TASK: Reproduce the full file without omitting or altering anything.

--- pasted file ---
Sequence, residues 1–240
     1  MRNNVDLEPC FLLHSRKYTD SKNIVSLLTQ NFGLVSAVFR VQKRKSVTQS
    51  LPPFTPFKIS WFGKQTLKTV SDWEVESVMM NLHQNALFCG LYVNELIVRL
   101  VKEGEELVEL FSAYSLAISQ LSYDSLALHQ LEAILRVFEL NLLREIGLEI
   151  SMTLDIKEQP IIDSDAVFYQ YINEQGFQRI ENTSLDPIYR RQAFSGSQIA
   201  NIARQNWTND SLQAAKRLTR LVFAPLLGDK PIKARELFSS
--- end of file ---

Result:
Sequence, residues 1–240
     1  MRNNVDLEPC FLLHSRKYTD SKNIVSLLTQ NFGLVSAVFR VQKRKSVTQS
    51  LPPFTPFKIS WFGKQTLKTV SDWEVESVMM NLHQNALFCG LYVNELIVRL
   101  VKEGEELVEL FSAYSLAISQ LSYDSLALHQ LEAILRVFEL NLLREIGLEI
   151  SMTLDIKEQP IIDSDAVFYQ YINEQGFQRI ENTSLDPIYR RQAFSGSQIA
   201  NIARQNWTND SLQAAKRLTR LVFAPLLGDK PIKARELFSS